“Richard Paul Evans is a masterful writer who gets to the heart of friendship, family relationships, betrayal, and acceptance, making Lost December a heartfelt tale that is sure to stay with the reader long after the last page.”
Many young people think they do not need counseling or advice from their elders. They feel in charge of their own lives and want to live as they please. How often has a beloved offspring strayed from the flock like a sheep losing its way? What mistakes does one have to make to learn the meaning of parental love and acceptance?
Luke Crisp has led a sheltered life. An only child, Luke was raised by his father, Carl, after his mother’s untimely death. Sharing a strong bond with Carl, Luke often accompanies his father to work. Carl is the owner of Crisp’s Copy Centers, a national empire he built on a shoestring. He made his fortune by recognizing the potential in his employees and treating them as family; however, Carl’s biggest dream is for Luke to take over his position one day.
After Luke attains his undergraduate degree, Carl suggests he return to school for an MBA to be better equipped to run the expanding company. Though Carl hopes for Luke to continue his education in his native Arizona, Luke decides to attend Wharton in Pennsylvania.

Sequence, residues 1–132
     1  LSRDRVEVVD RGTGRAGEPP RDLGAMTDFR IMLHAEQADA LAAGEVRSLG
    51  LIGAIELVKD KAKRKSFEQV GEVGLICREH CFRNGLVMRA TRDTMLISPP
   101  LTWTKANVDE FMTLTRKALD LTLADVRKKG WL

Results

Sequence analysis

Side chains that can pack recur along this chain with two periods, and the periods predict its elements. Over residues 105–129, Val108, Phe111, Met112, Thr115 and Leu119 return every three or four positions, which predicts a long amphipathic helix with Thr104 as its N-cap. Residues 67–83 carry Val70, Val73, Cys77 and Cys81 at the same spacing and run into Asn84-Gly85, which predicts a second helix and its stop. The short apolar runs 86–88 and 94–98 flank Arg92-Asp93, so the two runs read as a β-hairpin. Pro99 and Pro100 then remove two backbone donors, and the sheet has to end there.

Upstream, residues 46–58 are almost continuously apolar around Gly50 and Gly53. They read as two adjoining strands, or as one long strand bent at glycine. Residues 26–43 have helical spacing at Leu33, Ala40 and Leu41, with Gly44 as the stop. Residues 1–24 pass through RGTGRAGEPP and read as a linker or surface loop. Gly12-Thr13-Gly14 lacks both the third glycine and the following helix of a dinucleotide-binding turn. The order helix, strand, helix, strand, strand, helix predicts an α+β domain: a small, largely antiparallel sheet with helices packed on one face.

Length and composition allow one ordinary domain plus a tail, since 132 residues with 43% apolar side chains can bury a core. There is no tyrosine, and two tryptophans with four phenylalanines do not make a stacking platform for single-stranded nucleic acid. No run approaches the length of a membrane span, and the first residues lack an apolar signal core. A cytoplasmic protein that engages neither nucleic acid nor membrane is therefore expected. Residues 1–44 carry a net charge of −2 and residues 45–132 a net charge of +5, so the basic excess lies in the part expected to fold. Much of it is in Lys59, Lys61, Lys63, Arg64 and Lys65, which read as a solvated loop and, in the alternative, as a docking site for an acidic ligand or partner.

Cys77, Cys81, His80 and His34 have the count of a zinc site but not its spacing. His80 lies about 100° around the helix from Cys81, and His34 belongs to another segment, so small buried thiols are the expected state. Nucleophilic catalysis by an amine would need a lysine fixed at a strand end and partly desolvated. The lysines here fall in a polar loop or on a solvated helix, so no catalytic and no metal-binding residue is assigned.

Luke’s first weeks prove difficult, for he has never been away from his father. Discovering the bitter taste of loneliness, he is soon befriended by a group of classmates. They term themselves “The Wharton 7” and party often, enjoying the carefree life of young graduate students.
Luke gravitates to Sean, an obnoxious ne’er-do-well and falls in love with Candace. Away from his father’s influence, Luke drinks continually, often showing up to class hung over.
When Carl learns of Luke’s actions, he surmises his son will sow his wild oats, return to Arizona, and take over the corporate office after receiving his degree.
But Luke is malleable and further influenced by his new friends, especially Sean, who suggests the group grasp the golden ring and travel. Luke further disappoints Carl when, after graduation, he reports he will not take over the reins of the company, but instead chooses to journey throughout Europe.
Luke accesses his enormous trust fund, blowing his money jetsetting from one expensive European locale to another. Meanwhile, his relationship with Carl becomes more strained until it turns nonexistent. Before long, Luke suffers betrayal by those he has chosen to trust over his father’s love.
The biblical story of the prodigal son is very evident in Lost December. Richard Paul Evans is a masterful writer who gets to the heart of friendship, family relationships, betrayal, and acceptance, making Lost December a heartfelt tale that is sure to stay with the reader long after the last page.